Up to this point, I've refused to specify an ending date to my trip. This isn't just to keep people in suspense or some ear of commitment. This is because I knew that transport in a lot of Africa is notoriously unpredictable. I'd been warned. So when I found out that a 700km journey was going to take me three days instead of the seven hours it would have taken in any developed and most developing countries, I shouldn't have been surprised. The buses in southern Ethiopia leave when they are full, not before. They stop whenever someone inside or outside wants to stop them, be they passengers, chaat sellers, or the cops looking for a bribes. In a surreal moment, one of the cops told the driver he was fining him for having more passengers than seats. May seem reasonable back home, but if you've ever ridden any form of Ethiopian transport, you know this is a bit like ticketing someone for driving with only one hand on the steering wheel.
There was a stay in the closest thing I've ever seen to a wild west frontier town before I finally made the border, knowing I'd just finished the easy part. Getting from the northern Kenyan border to the capital of Nairobi over land was the legendary challenge, one that native Kenyans had tried and sworn off.
The road is a dirt road, corrugated by lack of maintenance with potholes big enough to hide a VW bug. A few years ago, Somali bandits made this road impassable without an armed convoy. Now the Kenyan army has cracked down enough so that you just pay your way onto a truck carrying cattle or beans for a day and a half to Isiolo, 3 hours north (by paved road) of Nairobi. You pay a bit more to sit in the cabin up front, otherwise you're out in back, sitting on metal bars above the truck's load. It's quite safe, so they tell me. They also tell me that the ubiquitous dude on each truck, riding on top of the cab, in camo carrying a rifle, is just another traveler going home.
I crossed out of the famously (mostly) unconquered African land into the ashes of the British empire. Slightly more infrastructure, cars on the left side of the road, and clunky UK-style electrical plugs are back. So is English as the dominant language. Except for trilingual Lebanon, this is the first English speaking territory I've been in since Hong Kong, back in July (though Amsterdam could make a case as well). Kiswahili is close on English's heels. You hear it everywhere, even if finding it written down takes effort.
Kids no longer stare at me or yell "you you you". Mzungus, as we're known around here, aren't an oddity anymore. We're just a cash machine. The best description I have seen of Moyale, Kenya was a fellow blogger who posted a picture of a seat-less overflowing toilet in his hotel, calling it a metaphor. Upon entering town, I was beset by seven touts (or “brokers” as they call them here) in less than twenty minutes. One cussed me out for ignoring him (and got really scared when I asked "if he wanted to speak to me"), another followed me into my hotel, offering to wake me up the next day for the truck he wanted to sell me a ride on, and another after that found me in an internet cafe and insisted it was time for me to get on his truck right then and there.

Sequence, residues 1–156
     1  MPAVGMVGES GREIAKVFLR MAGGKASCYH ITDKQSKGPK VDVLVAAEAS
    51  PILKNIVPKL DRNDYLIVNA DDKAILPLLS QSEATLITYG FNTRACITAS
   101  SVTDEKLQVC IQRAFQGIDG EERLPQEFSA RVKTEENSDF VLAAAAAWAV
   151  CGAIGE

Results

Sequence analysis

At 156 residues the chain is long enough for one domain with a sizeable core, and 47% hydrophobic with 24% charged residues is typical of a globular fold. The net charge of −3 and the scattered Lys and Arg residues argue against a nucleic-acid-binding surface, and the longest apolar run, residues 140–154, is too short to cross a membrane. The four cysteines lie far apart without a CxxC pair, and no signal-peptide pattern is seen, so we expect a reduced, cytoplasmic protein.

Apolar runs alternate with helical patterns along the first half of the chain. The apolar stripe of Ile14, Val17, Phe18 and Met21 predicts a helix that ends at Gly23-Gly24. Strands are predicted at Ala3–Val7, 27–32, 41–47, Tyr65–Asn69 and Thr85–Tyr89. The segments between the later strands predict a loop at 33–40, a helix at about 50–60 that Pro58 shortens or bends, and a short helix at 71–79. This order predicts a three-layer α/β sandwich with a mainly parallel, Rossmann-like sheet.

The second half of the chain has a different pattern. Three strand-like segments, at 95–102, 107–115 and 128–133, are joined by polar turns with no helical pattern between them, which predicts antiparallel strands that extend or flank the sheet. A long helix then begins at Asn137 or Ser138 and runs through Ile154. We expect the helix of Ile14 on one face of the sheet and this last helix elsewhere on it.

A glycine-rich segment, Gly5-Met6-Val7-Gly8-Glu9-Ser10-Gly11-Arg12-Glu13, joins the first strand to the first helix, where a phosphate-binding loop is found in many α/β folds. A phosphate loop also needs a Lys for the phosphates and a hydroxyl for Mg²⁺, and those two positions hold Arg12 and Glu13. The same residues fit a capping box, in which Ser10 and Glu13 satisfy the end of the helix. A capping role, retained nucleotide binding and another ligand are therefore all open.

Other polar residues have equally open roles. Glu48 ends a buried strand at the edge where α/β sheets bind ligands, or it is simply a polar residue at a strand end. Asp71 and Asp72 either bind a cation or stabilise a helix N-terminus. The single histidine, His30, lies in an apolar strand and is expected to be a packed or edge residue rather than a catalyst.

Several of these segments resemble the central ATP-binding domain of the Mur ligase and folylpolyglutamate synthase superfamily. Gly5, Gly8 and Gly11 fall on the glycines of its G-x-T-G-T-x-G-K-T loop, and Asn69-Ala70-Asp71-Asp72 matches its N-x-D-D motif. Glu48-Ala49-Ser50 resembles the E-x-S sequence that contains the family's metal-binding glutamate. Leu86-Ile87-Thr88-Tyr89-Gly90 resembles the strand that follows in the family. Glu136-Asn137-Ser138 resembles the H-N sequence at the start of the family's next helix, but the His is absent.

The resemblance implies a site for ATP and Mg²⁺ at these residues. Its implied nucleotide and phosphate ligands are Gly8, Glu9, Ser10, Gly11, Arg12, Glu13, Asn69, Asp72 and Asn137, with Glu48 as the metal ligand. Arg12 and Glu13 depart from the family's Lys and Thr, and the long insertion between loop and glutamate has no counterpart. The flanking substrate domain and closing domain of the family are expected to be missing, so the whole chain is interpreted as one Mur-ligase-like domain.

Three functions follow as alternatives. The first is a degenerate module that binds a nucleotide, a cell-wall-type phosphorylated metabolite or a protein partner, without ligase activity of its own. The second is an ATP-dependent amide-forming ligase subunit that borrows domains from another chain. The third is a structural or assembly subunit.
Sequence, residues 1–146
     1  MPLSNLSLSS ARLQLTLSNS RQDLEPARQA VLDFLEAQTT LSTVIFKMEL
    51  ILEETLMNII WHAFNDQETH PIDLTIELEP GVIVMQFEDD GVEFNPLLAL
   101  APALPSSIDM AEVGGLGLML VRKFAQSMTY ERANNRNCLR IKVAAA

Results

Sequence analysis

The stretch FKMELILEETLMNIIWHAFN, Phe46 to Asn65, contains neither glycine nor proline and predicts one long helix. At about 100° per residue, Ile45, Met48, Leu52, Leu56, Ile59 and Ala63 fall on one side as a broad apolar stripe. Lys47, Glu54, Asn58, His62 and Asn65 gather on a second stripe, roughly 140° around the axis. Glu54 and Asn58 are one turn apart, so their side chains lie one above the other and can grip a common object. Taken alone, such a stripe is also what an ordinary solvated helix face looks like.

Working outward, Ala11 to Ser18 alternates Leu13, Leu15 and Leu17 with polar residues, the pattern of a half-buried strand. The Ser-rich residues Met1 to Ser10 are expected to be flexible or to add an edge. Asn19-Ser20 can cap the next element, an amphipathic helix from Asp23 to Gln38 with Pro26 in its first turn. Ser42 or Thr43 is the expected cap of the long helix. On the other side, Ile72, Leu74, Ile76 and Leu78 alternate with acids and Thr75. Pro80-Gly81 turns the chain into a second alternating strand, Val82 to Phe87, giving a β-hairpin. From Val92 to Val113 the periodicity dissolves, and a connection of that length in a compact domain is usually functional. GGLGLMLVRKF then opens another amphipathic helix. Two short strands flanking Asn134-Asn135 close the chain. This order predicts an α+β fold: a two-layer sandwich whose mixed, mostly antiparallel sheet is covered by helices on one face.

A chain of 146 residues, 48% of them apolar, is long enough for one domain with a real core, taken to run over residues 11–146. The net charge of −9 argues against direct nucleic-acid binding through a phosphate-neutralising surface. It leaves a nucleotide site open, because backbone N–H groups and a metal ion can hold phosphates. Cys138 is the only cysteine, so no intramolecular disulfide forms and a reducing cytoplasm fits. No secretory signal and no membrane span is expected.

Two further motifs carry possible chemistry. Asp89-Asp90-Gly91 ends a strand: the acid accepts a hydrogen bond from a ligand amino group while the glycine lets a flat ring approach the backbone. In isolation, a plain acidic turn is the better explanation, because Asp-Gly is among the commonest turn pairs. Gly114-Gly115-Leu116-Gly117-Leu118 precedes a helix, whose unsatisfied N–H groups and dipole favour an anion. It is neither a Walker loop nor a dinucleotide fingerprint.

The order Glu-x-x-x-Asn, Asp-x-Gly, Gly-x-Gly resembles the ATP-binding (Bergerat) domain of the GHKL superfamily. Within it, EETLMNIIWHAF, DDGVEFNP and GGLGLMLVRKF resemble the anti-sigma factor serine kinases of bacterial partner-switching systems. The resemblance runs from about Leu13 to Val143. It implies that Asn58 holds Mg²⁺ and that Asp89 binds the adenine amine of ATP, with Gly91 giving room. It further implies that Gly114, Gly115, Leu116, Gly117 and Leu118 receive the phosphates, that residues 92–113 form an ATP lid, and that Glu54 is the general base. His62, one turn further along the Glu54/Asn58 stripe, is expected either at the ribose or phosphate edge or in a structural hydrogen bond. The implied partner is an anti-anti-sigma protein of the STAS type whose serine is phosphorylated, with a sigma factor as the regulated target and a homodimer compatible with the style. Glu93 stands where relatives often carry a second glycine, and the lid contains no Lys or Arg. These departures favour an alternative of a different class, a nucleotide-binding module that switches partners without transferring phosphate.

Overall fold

As usual, I got lucky and met people. The people this time were a Kenyan reporter doing an investigative piece on tribal conflict, an Israeli backpacker who'd fallen head over heels for the country, and a very quiet friend of theirs. We spent a little time trying to make a local NGO's internet connection work before the Israeli and I made arrangements to head south together on the same truck, the reporter acting as our negotiator for a fair price.
One of the brokers actually did track me down to my room at 7am the next morning to wake me up, insisting it was time to go on his truck. I politely told him to get lost, and another followed me to my room after seeing me across a balcony on my way to the bathroom. More hilarity ensued.
We made our way through it all and got on a truck at a fair price. With one thing after another, the Israeli convinced me it would be a better ride on the back of the truck instead of in the cab. We'd each save at least $13, and we'd get a better view.
At first I thought she was right. But I was picturing just the two of of us, maybe two other locals, on soft bags of... something. Turned out we were squeezing ourselves onto sacks of ginger or the metal crossbars above them with twenty-two other passengers, and though we didn't know it yet, we'd be picking up even more.